Find out what to do if you’ve been rejected for credit
If you’ve been rejected for credit, don’t do anything else until you’ve read this!
If you’ve had a credit application turned down, stop! Don’t apply for any more credit just yet.
Yes, really. Each time you apply for credit, the lender may be doing a search on your credit report. And this search leaves a black mark. So, if you apply again and get rejected, that means you have two marks, then three, four and so on.
And these marks are a warning sign for lenders as it can make it look like you’re desperate for credit and not really bothered where it comes from. And no one likes desperation!
Remember that kid at school who used to go around asking all the girls out, but never got a date? That’s because he wasn’t fussed about who his date was, he just wanted one! Maybe if he was a bit pickier and thought about it a bit more, he’d have been successful. Desperation is not cool.
So, like we said – stop applying! For now anyway.
How much is too much?
Experian, one of the credit reference agencies, says that one application in a three month period should make little or no difference to your credit report.
This is a good general rule to go by and shows that if you’ve just applied and been rejected, it’s in your own best interest not to apply for any more just yet.
So what should I do instead?
Take a look at your credit report. That might hold the key to why you were rejected. You can check it for free with Noddle, ClearScore or CreditMatcher. You should:
- Check for mistakes
Check that your report is up to date with your most recent name and address and also confirm that everything looks as it should.
If there’s a mistake on it, such as a missed payment that you definitely remember paying, or your address is misspelt – get it fixed. That could be the reason why you’ve been rejected. Find out more here.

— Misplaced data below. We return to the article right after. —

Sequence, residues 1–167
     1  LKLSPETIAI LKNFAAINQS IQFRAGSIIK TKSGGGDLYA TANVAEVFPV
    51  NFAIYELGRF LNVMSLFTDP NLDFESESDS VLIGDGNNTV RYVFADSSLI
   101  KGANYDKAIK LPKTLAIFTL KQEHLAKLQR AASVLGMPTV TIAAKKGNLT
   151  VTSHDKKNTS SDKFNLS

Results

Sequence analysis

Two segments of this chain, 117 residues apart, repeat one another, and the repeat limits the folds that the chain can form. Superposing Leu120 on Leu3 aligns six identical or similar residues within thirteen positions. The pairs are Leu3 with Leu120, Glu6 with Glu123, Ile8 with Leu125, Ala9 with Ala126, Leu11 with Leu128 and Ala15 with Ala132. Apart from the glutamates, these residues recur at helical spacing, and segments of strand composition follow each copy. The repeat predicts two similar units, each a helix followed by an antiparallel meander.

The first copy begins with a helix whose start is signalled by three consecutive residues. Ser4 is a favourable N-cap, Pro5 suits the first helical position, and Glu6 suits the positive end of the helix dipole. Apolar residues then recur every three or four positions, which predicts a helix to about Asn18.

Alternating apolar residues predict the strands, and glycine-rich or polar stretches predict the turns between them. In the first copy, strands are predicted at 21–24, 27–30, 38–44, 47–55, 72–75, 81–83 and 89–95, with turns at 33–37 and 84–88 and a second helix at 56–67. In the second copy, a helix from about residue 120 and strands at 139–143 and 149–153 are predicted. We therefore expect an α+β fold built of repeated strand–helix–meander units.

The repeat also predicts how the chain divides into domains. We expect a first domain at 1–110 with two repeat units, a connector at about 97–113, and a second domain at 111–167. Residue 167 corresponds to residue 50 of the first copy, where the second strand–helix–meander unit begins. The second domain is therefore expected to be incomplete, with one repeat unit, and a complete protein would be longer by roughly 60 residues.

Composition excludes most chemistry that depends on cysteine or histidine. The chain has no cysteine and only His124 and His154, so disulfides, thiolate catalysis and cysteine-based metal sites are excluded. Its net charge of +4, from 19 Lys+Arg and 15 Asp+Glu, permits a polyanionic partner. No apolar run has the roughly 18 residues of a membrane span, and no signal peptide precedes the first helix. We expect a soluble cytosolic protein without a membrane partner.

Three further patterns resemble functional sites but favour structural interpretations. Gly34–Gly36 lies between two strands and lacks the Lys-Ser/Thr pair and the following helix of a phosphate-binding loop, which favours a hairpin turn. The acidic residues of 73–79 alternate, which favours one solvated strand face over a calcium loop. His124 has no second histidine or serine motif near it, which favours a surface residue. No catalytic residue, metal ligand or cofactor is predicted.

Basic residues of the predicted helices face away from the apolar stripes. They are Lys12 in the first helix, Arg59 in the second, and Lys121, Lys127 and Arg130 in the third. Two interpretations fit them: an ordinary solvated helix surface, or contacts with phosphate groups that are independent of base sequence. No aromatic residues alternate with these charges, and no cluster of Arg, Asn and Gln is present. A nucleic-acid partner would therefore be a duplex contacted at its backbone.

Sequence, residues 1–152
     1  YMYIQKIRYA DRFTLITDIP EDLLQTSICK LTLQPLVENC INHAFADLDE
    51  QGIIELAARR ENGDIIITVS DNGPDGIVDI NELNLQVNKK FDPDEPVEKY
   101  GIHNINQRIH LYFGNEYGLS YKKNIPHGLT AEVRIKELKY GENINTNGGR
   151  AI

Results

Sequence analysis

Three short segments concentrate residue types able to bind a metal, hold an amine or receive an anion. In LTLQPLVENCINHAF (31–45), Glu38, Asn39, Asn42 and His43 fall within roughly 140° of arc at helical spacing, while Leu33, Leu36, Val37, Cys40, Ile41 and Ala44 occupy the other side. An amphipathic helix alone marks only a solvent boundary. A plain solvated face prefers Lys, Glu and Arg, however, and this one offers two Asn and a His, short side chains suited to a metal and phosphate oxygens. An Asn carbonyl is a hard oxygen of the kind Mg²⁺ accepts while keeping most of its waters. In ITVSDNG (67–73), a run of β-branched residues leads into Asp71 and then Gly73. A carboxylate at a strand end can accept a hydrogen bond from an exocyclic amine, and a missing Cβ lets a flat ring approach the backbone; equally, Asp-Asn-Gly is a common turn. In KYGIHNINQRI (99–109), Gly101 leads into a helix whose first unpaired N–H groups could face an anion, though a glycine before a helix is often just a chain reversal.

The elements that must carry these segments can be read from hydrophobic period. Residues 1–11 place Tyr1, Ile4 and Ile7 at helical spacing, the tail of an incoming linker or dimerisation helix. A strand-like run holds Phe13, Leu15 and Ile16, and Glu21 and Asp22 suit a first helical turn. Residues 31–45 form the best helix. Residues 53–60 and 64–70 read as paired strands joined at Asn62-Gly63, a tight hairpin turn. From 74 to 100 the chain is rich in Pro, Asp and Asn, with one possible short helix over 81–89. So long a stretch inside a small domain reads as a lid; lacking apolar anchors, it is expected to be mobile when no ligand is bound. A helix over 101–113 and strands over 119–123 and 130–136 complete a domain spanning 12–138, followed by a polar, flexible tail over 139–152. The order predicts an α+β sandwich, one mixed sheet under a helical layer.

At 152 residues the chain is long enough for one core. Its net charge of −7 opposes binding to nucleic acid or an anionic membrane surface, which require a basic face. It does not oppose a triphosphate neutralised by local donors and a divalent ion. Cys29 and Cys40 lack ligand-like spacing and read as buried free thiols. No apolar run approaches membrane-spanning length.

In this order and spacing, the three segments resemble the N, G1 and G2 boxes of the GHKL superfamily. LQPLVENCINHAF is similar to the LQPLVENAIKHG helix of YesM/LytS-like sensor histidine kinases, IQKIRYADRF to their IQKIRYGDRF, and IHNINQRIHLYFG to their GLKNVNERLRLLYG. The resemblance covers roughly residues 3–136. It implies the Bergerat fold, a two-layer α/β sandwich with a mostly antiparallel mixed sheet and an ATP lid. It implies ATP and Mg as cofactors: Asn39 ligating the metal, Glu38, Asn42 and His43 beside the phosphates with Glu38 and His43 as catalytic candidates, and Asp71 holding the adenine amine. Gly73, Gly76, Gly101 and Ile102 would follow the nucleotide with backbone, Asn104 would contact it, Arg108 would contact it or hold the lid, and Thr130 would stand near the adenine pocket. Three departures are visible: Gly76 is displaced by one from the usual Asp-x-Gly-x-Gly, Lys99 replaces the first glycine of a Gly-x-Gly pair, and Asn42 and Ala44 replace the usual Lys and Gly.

- Check your financial associations
If you’ve had a joint credit agreement with someone in the past 6 years, you’ll be ‘financially associated’. This means lenders will see their name when they check your credit report. If that person has poor credit, it could affect the lenders’ decision, so you don’t really want to be financially linked to them.
Likewise, if an ex-partner or an old housemate is on your report, it’s a good idea to remove them too.
As long as you no longer have any joint credit agreements, you can close the account down and ask the credit reference agencies for a ‘notice of disassociation’. If you do still share the debt, you’ll have to pay it off before you can close the account down. You can read more about this here.
- Check your repayments
Check your payment history and make sure it’s all in order. If there’s a mistake, like a payment you remember making showing as a missed one, get in touch with the lender to dispute it.
A missed payment will stay on your credit report for six years and may make you look riskier to lend to, so if one’s on there when it shouldn’t, it could be impacting you getting accepted.
There are other things you can do to improve your credit report, check them out.
Check your eligibility before you apply
Once you’ve spent some time making sure your credit report is looking as good as it can be, you can start looking at your credit options again.
However, going back to our point about the desperate kid at school, make sure you’re picky with which credit products you apply for. Think about it carefully and don’t just go on an application spree. Remember, those black marks on your report might come back to haunt you!
Instead, a lot of lenders now let you check if you’ll be accepted for a credit product before you apply, without impacting your credit rating.
Look out for eligibility checkers – it’s usually pretty clear on the lenders’ website whether you can check before you apply or not.
These don’t do a full application – they run a soft search on your credit report instead, which only you’ll be able to see. That means it doesn’t have an impact on your credit rating at all.
Then, if you get a yes, you can go on and apply with confidence. Or, if you get a no, you can save your credit report from any more of those black marks we were talking about earlier.
Disclaimer: All information and links are correct at the time of publishing.